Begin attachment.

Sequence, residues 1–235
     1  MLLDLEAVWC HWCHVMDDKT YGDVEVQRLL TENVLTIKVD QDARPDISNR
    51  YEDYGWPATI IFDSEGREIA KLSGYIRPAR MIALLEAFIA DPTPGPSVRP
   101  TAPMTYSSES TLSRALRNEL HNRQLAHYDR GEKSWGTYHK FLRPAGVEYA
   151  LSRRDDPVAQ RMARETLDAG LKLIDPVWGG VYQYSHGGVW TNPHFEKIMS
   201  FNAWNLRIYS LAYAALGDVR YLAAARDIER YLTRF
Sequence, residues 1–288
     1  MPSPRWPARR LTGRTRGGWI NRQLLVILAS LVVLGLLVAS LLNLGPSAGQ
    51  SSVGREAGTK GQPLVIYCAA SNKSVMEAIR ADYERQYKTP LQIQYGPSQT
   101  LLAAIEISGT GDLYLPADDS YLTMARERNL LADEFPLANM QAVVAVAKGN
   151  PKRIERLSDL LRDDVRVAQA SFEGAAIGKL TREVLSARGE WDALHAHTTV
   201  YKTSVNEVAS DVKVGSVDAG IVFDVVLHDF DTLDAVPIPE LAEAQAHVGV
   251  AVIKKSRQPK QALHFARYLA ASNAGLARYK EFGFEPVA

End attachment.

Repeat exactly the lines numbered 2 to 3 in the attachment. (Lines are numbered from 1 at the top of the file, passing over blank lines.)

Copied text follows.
     1  MLLDLEAVWC HWCHVMDDKT YGDVEVQRLL TENVLTIKVD QDARPDISNR
    51  YEDYGWPATI IFDSEGREIA KLSGYIRPAR MIALLEAFIA DPTPGPSVRP